As a supposed Intel Officer you should be well aware that data can be manipulated to support your agenda.

      The major issue here is what is the agenda?

      • Ex-PH2 says:

        What IS the agenda?
        If 330,000 German households were cut off the power supply because they could not afford to pay the bill, which is THREE TIMES what we pay here, you have to start asking that question and ask it loudly enough to make politicians quake in their offices.

        The excessive German rate $.30/kwh vs. my $.113/kwh rate is entirely due to mandatory inclusion of wind/solar power, whether the customer wants it or not. This is not a joke, and that is where these morons are heading us.

    • Kinda old ET1 says:

      Lars some facts that I as a so called “denier” believe:

      The earths climate is always in a state of flux, always has been, always will be.

      Since the late 18th century the earths average temperature has fluctuated but has gradually increased.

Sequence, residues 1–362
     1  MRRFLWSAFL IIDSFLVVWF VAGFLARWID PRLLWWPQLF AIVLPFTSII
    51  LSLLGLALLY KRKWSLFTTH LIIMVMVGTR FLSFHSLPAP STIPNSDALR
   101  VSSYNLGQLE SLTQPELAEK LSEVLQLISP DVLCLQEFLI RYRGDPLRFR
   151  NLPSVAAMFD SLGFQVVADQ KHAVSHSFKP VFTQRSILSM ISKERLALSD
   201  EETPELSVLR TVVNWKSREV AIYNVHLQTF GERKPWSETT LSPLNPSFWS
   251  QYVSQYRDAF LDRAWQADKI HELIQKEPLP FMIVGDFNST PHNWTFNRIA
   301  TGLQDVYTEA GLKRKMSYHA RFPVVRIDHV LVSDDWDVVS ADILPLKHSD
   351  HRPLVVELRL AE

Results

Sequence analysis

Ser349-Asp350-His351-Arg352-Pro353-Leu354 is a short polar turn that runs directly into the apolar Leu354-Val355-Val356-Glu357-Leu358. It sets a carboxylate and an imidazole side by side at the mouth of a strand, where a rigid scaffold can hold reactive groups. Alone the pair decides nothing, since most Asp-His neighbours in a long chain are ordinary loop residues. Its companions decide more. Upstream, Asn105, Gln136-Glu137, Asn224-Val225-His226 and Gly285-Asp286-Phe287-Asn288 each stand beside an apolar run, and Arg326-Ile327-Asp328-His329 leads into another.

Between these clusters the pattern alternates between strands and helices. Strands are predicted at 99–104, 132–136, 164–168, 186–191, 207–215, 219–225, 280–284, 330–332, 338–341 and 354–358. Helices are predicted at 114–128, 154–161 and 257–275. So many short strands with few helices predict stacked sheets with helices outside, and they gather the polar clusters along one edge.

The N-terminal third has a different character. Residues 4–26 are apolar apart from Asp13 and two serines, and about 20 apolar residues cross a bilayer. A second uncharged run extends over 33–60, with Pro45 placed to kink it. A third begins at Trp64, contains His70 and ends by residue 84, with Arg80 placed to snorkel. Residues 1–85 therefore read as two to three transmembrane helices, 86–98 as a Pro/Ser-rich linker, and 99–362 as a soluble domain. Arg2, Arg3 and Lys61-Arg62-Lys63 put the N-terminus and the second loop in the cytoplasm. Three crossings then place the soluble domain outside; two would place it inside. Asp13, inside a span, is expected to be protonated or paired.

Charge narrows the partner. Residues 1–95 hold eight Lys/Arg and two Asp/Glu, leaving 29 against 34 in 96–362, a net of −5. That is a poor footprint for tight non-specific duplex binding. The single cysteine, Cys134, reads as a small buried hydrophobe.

Human burning of fossil fuels has released co2, which has contributed to the atmospheric increase of same.

      Co2 is a greenhouse gas and as such will be a forcing for warming.

      Lots of good science there huh?

      What I’m sceptical of is that the current climate change is entirely man made and that it is in any way catastrophic.

      And there is PLENTY of good hard science that supports those ideas.

      *Ex-PH2, good to see another reader of WUWT on here.

      • Ex-PH2 says:

        You left something out, ET1.

        Carbon dioxide, as someone else pointed out earlier, is essential to growth of plants. Anyone who understands biology and biosystems knows that. Plants require it. Without it, they die off. No plants, no food for animals, no cereal in your bowl, no more atmospheric OXYGEN, which animals require to stay alive. 🙂

    • SFC D says:

      “So the money went where it needed to go.”

      Negative, Commissar. The science went where the money was.

      • Ex-PH2 says:

        No, it did NOT go where it needed to go. It went to funds like the National Endowment for the Arts. What in the blue-eyed, stuffed bird world does that have to do with climate research?
        Here’s a list of some of the places where that $77 billion went.

        21st Century Community Learning Centers – Provides funding for after-school programs for students in high-poverty areas